Jerad Eickhoff is a Philadelphia Phillies starting pitcher who just knows how to pitch. The 28-year old doesn’t have amazing stuff. He just understands how to get guys out.
Eickhoff is 2-1 with a 1.50 earned run average in 2019.
Nick Pivetta is a Philadelphia Phillies starting pitcher with natural throwing ability. The 26-year old has absolutely electric stuff. He just doesn’t know how to get guys out.
Pivetta has a 5.51 career ERA in 315.1 Major League Baseball innings. He got demoted to the Phillies’ Triple-A team in the Lehigh Valley in April.
Baseball pitching, at all levels, is defined by this dichotomy. The pitchers and the throwers. Both types can make it far. But only the pitchers succeed on a consistent basis.
Spotswood High School’s Matt Vento has always been a Pitcher, not a thrower. Even in Little League, Vento was mixing pitches and inducing weak contact.
This ability earned the right-hander a spot on Spotswood’s varsity team as a freshman in 2016, despite his mid-70s fastball. Three years later though, Vento has developed his throwing ability.
His fastball now hits the mid-80s. His slurve, a slider-curveball-cutter hybrid, befuddles hitters.
As a senior, Vento is a Pitcher with electric stuff.
And that’s when, as a hurler, you’ve beaten the game. In 2019 so far, Vento is 4-1 with a 1.25 ERA. He also has a 39-11 strikeout-walk ratio in 33.2 innings.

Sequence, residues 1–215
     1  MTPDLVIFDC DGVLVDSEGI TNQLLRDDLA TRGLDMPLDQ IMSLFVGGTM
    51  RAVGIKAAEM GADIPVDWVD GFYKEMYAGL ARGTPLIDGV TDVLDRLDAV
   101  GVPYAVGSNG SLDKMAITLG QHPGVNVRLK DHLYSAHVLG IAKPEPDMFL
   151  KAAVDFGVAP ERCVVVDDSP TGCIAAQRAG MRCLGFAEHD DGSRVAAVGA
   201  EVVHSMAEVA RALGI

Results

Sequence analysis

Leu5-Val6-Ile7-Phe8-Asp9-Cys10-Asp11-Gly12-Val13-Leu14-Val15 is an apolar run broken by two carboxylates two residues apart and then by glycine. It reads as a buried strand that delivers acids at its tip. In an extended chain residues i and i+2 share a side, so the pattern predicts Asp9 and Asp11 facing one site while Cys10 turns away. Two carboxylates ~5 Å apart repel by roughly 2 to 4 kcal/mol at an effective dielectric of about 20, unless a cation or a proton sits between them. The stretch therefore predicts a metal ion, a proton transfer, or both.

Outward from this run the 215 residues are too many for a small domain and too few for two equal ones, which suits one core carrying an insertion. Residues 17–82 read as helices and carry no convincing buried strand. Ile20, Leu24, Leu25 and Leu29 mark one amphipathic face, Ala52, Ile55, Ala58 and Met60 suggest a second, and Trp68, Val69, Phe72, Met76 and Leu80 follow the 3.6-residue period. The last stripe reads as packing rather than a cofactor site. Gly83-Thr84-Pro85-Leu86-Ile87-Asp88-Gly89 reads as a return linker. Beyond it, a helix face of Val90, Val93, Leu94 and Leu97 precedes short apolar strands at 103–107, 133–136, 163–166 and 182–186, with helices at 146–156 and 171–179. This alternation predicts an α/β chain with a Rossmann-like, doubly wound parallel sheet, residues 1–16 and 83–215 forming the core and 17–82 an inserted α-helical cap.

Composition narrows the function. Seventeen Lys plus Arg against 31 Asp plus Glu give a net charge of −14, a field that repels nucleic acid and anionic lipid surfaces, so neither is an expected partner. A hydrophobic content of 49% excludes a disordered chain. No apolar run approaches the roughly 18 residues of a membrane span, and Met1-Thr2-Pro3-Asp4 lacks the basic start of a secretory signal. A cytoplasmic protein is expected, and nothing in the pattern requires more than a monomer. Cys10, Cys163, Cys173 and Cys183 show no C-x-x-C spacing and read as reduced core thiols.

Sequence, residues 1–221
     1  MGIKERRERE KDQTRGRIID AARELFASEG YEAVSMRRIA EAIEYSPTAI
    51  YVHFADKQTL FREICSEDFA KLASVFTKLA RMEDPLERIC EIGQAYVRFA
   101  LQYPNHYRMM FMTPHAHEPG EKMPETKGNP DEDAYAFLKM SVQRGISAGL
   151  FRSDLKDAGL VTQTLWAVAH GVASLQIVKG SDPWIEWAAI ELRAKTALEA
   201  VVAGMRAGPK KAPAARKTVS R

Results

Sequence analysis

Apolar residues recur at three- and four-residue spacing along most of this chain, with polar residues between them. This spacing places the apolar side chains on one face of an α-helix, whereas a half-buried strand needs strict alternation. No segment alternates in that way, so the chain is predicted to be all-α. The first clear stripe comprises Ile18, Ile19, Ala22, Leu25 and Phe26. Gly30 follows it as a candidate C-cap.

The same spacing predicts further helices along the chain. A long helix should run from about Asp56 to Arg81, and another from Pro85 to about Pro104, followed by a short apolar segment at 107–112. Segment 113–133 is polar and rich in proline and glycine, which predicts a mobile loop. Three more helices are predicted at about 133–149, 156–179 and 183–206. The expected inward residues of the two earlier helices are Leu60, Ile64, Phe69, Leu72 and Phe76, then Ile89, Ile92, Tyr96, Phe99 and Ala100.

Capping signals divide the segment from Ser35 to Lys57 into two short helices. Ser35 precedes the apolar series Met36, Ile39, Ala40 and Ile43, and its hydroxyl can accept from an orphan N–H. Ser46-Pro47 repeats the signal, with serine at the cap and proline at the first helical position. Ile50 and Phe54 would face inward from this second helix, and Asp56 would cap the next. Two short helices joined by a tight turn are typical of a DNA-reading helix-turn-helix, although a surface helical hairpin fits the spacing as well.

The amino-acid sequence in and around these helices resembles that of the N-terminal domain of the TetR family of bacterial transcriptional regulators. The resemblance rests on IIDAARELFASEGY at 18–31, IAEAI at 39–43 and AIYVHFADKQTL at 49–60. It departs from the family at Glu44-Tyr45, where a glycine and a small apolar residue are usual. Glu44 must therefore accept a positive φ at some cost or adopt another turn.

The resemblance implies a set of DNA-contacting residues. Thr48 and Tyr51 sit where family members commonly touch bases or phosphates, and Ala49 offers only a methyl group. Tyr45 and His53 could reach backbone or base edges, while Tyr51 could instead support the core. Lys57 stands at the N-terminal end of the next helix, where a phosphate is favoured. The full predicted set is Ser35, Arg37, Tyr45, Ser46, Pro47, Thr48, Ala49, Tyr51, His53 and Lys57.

On April 10 at Spotswood, Vento earned a complete game victory, 2-1, over one of the best teams in the Greater Middlesex Conference, Middlesex High School, a club with a 16-5 record in 2019.
“I’m just having a lot of fun,” Vento said. “Honestly it’s just become a comfort thing. It doesn’t feel like games. When I’m going out there, it feels like a kid’s game.”
“He’s tough, man,” said Spotswood coach Glenn Fredricks.
“He could already put varsity hitters away as a freshman and he has only evolved ever since,” the coach added.
Vento has pitched 30 frames or more as a sophomore, junior and senior, and his ERA has remained below 2.00 in all three years. He always had the foundation of knowing how to get guys out. But along the way, he amped up his heater, added the slurve and grew from 5-8 and 140 pounds to 6-3 and 180 pounds.
“It’s such a big difference from my freshman year to now,” Vento said. “I had to focus on every spot my freshman year. If I make a mistake now, I’m confident enough to come back the next pitch and still have it work out.”
“He has filled out tremendously,” Fredricks said. “And any time a kid plays four varsity years, it will help as a senior.”
Spotswood is only 8-11 this spring. But behind Vento and his senior classmate/friend, left-hander Evan Scarduffa, who is 2-2 with a 1.29 ERA in 38 innings, the Chargers are in position to qualify for the NJSIAA Central Jersey, Group 2 sectional tournament. At best, they will earn the No. 9 seed. At worst, they will be the 12th-seeded team in the field.
Fredricks’ club will be a prime upset and even Cinderella candidate. As the conventional wisdom goes, two great starters can carry a high school team far.
“We’ve shown we can play with the best team in the county in Middlesex,” Fredricks said. “And with that 1-2 punch, it gives us a real good shot to make a run in both tournaments, the GMC (Tournament) too.”
Those tournaments may mark the end of Vento’s baseball career, or they may not. The senior might try to play collegiate baseball for The College of New Jersey in 2020.
But it will depend on whether he can fit it in. The senior will major in “a demanding physics program,” he said.
“I’m not sure if there will be time for all of it,” Vento added. “It all comes down to time management and if I can juggle them.”